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The Emperor's New Clothes
Week of 28 November 2004
But he has nothing on at all!
- HC Andersen
Magnus Eriksson, a Fullbright scholar and researcher at the University of Lund Sweden, lives today with his wife in Alicante, Spain. He's been there five years. He was approached by a Swedish newspaper this weekend with word of a trial that ended only Friday. A verdict came down in a case against him. He was acquitted.
What was Eriksson to have done? Downloaded megatons of porn to his box - whereof 3,500 pictures were to have been child porn. With no trial and with only the word on the street he was driven from the university, from his home, from his country.
Anders Lindahl, the university official who reported the case to the police, still insists he acted correctly. 'I did what I had to do', he said. 'We are duty bound before the law to file a police complaint if there is reason to suspect a felony has been committed.'
When asked if the findings of the court would have any effect on his security policy, Lindahl replied:
'No, not as far as I know - after all, we have 6,500 computers here!'
Forensics expert Joakim von Braun was called in to investigate the computer of Magnus Eriksson and testify before the court. He worked from a copy of the hard drive in the suspect machine.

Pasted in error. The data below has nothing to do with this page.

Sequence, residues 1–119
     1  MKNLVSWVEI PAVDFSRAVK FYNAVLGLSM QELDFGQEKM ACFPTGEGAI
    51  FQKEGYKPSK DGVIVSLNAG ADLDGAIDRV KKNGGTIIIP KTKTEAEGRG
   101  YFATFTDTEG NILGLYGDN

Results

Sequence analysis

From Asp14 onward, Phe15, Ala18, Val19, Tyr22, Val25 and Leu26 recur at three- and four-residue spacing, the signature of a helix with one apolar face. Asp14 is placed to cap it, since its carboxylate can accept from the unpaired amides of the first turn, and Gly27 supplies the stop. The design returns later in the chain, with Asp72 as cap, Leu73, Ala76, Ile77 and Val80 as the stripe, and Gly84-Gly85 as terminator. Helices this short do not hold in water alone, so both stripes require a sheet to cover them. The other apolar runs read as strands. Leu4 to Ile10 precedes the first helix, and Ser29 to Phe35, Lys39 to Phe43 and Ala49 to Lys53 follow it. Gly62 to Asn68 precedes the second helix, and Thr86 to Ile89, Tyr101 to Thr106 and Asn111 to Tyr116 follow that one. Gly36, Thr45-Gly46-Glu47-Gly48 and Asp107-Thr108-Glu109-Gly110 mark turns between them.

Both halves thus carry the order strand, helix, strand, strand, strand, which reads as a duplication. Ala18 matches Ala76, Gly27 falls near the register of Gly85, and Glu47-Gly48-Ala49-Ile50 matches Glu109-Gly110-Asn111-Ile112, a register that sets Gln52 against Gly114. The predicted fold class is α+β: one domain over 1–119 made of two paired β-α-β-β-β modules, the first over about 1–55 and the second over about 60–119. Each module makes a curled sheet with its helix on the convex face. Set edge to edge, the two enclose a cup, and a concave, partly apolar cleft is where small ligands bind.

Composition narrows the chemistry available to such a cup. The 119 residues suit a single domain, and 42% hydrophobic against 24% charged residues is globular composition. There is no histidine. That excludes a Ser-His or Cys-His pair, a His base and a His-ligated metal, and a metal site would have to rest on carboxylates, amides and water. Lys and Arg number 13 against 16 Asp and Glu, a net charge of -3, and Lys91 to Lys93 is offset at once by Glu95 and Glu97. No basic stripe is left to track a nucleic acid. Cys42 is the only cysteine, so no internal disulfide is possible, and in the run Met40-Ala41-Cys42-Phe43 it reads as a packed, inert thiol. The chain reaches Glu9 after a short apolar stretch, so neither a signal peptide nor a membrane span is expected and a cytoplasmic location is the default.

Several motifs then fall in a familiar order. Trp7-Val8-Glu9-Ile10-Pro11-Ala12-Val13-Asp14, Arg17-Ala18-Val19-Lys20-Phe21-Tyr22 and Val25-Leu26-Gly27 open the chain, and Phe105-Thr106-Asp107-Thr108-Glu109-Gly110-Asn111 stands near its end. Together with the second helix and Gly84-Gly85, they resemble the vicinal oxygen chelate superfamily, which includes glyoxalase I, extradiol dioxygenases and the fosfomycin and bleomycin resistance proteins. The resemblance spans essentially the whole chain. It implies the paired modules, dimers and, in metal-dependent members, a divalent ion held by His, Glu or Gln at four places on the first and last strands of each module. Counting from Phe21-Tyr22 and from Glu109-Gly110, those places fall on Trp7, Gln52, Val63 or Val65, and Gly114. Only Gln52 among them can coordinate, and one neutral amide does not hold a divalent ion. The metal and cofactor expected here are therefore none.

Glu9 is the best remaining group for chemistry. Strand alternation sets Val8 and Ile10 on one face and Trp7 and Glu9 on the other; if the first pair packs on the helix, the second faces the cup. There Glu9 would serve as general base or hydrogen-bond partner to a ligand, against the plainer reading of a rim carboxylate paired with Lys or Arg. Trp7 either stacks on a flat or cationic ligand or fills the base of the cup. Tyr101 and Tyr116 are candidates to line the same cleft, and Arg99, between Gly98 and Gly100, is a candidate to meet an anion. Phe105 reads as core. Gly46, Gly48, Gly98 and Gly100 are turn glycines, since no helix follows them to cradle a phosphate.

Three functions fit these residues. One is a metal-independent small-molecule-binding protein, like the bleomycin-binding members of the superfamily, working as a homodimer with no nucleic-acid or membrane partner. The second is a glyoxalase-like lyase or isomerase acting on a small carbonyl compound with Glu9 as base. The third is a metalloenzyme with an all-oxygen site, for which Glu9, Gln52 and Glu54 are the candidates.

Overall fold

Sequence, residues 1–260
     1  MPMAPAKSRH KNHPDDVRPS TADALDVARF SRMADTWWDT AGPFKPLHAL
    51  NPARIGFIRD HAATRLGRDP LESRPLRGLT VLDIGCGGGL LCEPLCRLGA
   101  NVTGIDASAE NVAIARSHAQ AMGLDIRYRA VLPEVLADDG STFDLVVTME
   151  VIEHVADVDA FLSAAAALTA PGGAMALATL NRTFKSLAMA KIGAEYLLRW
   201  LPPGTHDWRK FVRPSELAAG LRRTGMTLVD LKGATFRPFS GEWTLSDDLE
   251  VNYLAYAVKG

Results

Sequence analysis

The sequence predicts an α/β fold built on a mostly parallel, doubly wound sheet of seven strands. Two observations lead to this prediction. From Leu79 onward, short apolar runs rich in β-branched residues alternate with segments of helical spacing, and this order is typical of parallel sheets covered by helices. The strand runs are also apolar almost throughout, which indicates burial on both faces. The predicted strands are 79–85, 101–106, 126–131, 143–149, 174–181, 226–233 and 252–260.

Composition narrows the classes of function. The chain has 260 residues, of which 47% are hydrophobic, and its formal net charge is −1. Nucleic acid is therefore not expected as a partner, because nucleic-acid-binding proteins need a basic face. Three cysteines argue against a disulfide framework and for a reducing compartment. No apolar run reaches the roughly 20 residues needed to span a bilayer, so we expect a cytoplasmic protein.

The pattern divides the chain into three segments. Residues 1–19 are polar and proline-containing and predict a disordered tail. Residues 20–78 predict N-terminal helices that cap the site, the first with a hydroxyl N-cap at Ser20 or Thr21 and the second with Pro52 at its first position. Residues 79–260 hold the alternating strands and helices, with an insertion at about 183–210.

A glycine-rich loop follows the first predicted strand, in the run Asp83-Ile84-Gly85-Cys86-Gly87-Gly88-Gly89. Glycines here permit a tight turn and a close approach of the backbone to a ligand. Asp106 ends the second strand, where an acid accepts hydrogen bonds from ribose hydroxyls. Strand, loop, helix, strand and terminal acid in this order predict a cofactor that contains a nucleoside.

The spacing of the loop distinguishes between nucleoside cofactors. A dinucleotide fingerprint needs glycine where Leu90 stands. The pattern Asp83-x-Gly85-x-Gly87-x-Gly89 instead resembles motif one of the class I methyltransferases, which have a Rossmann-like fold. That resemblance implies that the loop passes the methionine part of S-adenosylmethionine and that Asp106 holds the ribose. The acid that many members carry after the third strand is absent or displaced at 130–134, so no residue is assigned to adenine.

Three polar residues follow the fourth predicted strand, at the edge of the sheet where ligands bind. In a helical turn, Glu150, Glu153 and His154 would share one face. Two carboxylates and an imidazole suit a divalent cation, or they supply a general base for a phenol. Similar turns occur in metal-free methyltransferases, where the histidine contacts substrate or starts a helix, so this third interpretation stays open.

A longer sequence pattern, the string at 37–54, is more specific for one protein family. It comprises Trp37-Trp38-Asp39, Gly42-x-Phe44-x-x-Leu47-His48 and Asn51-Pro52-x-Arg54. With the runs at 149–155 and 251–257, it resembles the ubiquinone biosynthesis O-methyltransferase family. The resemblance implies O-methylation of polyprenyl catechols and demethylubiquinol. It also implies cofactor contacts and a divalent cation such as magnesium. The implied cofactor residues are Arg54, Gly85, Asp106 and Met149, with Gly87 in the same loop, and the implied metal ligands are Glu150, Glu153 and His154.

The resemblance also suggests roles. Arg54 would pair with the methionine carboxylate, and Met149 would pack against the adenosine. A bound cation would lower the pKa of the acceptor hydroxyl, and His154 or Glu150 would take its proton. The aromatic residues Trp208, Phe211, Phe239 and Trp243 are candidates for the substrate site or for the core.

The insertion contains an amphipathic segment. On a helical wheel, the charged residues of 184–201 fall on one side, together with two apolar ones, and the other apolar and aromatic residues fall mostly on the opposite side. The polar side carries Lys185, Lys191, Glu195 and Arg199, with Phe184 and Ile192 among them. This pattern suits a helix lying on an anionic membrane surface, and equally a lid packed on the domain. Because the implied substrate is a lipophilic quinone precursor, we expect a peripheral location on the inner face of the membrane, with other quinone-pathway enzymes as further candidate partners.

'As soon as I saw the drive I knew what happened', said von Braun. 'Someone installed Netbus on it.'
'The University of Lund had extremely poor security', added von Braun, noting that anyone with a minimum of skills could have broken into Eriksson's computer from a remote location.
'Actually Magnus Eriksson was the last person to be suspected: he had no authentication whatsoever to install new programs. Others at the university did have this authentication, and too many people knew their usernames and passwords.'
Unfortunately - 'inexplicably' - the system activity logs that could have revealed who broke into the computer were destroyed by the university. But von Braun found more: a program called FreeAgent that did the actual child porn retrieval.
'The data retrieval took place without the user of the computer being aware of it, and furthermore a majority of the pictures had not even been opened - no one even looked at them', reported von Braun, who concludes:
'It is extremely important to have anti-virus software and so-called firewalls to protect against interlopers.'